ROCHESTER, Minn. — Artificial intelligence (AI) is going to change health care, including the practice of radiology, profoundly. But rather than machines taking over, clinicians and researchers will use them to improve patient care.
“If somebody puts their head in the sand, and wakes up and pulls their head out five years later, the practice will be very different,” says Bradley Erickson, M.D., Ph.D., a Mayo Clinic diagnostic radiologist.
To help with this transitional time, Dr. Erickson and colleagues in the Radiological Society of North America (RSNA) and Nvidia Corp., a computer chip manufacturer and technology company, developed a course for radiologists interested in acquiring or developing the skills needed to navigate AI advancements. This course, called the “Deep Learning Institute,” will be held throughout the RSNA Scientific Assembly and Annual Meeting Nov. 25–30 in Chicago.
There are an introductory course and four others covering different aspects of deep learning — four 90-minute courses daily Nov. 25–29 and two Nov. 30. Participants will be expected to bring a laptop and write code.
“We will give them most of the code, but we have intentionally introduced some bugs to see if they can find them and if they really understand what’s going on,” Dr. Erickson says. “That is definitely a hands-on course, and the intent is to give them enough experience with deep learning that they can go home and have essentially a good starter set where they can start to do some of this work at home.”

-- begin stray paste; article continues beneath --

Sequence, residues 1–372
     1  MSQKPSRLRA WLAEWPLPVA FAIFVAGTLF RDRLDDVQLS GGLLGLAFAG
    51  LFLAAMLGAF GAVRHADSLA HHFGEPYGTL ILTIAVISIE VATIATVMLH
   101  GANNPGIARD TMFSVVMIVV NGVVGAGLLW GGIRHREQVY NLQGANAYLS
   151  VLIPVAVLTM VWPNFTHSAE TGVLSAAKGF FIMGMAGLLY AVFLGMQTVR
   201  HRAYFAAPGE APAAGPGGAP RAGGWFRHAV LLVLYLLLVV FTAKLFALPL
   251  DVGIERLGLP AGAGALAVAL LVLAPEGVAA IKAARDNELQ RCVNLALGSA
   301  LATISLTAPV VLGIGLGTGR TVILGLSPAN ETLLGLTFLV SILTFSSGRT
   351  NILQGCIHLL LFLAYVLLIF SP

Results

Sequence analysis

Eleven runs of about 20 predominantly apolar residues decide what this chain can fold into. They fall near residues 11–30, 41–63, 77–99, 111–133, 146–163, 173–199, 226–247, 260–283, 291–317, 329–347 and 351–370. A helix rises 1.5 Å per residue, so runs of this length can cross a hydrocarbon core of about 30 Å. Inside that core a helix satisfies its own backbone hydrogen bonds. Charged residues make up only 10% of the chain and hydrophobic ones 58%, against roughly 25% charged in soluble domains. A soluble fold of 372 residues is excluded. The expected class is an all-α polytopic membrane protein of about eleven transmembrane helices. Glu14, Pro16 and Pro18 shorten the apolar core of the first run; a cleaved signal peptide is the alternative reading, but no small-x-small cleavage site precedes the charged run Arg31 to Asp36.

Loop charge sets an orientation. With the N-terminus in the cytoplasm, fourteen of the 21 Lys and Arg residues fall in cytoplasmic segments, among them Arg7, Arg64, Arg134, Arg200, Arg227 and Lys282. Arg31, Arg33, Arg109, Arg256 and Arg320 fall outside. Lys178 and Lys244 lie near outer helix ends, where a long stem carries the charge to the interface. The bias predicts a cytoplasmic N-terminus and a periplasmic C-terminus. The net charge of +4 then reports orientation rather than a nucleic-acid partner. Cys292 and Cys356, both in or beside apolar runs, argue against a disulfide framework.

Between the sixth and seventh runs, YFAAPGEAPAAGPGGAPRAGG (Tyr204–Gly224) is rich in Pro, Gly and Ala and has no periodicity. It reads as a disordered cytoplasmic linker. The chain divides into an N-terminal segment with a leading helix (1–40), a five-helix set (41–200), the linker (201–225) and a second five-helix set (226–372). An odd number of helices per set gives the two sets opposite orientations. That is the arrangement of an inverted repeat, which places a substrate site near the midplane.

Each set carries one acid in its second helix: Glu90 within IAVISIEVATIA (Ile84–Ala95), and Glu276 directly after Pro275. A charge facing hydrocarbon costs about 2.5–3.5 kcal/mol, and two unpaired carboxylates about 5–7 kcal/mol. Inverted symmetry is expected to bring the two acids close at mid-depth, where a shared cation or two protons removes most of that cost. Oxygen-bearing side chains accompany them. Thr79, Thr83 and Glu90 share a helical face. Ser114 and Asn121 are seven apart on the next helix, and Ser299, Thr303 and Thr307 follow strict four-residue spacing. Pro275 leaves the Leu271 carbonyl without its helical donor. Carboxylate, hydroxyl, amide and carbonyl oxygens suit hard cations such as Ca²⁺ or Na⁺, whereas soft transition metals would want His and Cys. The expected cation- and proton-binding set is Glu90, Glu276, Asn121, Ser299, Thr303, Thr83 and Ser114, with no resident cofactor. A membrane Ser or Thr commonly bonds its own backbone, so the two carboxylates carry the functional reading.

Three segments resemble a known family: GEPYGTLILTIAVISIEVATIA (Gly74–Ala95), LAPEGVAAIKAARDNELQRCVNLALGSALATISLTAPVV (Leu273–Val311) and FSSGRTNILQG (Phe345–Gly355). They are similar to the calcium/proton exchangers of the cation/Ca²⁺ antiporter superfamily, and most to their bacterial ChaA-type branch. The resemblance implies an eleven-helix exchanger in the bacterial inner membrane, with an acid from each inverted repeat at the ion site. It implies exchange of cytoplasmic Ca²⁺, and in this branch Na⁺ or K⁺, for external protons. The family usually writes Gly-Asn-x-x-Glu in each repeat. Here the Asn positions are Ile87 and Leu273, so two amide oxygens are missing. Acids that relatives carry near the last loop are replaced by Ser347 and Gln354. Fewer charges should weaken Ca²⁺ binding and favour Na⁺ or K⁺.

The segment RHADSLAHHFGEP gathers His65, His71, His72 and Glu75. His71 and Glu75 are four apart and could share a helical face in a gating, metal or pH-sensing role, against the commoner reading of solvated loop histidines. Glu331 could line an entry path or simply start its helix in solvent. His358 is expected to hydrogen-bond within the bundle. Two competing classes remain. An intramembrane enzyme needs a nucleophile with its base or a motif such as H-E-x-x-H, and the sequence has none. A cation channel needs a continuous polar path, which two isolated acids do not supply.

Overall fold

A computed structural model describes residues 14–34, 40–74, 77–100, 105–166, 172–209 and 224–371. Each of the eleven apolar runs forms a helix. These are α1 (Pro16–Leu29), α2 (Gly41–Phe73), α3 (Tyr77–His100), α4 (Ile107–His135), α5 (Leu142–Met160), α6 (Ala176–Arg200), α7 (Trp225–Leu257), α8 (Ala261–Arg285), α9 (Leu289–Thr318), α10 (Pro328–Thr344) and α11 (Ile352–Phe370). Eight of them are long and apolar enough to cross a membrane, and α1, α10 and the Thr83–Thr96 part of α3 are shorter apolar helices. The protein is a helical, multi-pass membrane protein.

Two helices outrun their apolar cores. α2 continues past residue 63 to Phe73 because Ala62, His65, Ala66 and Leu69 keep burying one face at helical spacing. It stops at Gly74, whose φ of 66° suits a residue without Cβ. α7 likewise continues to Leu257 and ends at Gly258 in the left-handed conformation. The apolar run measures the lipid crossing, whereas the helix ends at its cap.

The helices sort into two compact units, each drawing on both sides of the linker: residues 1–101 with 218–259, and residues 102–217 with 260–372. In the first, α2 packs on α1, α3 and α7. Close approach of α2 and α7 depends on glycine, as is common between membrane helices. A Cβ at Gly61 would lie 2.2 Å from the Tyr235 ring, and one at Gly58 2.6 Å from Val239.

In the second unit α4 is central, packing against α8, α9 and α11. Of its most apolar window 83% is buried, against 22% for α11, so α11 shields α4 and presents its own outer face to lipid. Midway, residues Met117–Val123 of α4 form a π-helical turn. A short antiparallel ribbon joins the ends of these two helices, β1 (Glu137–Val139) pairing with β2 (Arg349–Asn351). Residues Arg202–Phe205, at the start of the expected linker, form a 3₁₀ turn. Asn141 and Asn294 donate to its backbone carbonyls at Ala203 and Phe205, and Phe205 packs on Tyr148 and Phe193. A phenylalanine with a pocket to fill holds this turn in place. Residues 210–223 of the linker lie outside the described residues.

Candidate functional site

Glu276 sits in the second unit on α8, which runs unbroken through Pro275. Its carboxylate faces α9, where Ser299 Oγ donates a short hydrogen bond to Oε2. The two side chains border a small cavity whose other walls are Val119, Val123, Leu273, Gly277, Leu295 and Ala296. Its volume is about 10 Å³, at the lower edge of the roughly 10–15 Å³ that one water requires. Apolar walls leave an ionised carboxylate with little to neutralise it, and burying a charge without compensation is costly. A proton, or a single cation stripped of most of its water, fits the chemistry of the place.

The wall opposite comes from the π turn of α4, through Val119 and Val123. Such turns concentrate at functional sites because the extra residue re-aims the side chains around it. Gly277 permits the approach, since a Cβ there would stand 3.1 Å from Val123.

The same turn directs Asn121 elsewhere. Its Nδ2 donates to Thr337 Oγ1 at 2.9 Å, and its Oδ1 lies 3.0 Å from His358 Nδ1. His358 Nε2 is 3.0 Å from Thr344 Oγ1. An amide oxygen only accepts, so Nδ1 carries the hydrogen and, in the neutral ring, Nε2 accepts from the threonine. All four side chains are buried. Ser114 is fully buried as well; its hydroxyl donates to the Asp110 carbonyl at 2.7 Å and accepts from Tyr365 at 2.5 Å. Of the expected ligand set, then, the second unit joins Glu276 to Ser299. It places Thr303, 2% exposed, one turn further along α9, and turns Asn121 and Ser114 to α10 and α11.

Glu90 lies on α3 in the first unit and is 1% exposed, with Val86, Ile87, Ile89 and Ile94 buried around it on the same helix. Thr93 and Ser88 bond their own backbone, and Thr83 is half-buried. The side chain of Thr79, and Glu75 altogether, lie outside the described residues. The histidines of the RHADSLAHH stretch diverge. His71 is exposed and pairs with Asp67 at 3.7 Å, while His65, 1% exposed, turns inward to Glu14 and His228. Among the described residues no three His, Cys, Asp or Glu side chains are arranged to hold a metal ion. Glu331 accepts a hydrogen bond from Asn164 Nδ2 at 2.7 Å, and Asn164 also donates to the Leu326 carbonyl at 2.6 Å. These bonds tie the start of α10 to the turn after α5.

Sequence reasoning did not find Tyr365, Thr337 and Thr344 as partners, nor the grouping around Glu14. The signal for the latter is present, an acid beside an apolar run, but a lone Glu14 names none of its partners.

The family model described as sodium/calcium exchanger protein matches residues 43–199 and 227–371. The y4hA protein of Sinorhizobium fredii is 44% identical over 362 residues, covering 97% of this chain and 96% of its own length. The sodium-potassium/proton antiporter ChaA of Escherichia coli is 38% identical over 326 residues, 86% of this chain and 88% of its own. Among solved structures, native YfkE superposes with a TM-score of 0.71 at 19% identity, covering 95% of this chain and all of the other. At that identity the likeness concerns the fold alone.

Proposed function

The advances in AI and machine learning are not unlike the emergence of other new technologies that were predicted to be “industry killers,” Dr. Erickson says. He adds that once people started applying the technologies to their work, they realized they were complementary rather than a replacement.
“I think ultimately we still want a human with their hands on the medical ‘steering wheel,’ just like with self-driving cars,” Dr. Erickson says. “I think that this is why it would be unwise for a radiologist to say, ‘AI doesn’t matter.’ I think it will change what we do, but I think that if we remain engaged, it will actually make the practice of radiology a lot better and a lot more interesting.”
Brian Bartholmai, M.D., chair, Radiology Informatics Division, says the natural progression from advanced and cutting-edge to normal and no big deal is evolutionary, and the same will be true of augmented human intelligence in medicine.
“Mayo Clinic has a strong history of early clinical application of advanced technology that eventually is no longer considered cutting-edge. It’s just everyday technology now,” he says, citing the first clinical CT scanner in the U.S. in the early 1970s, as well as a digital radiology information system and third-party DICOM, or Digital Imaging and Communications in Medicine, image archive in the early 1990s as examples.
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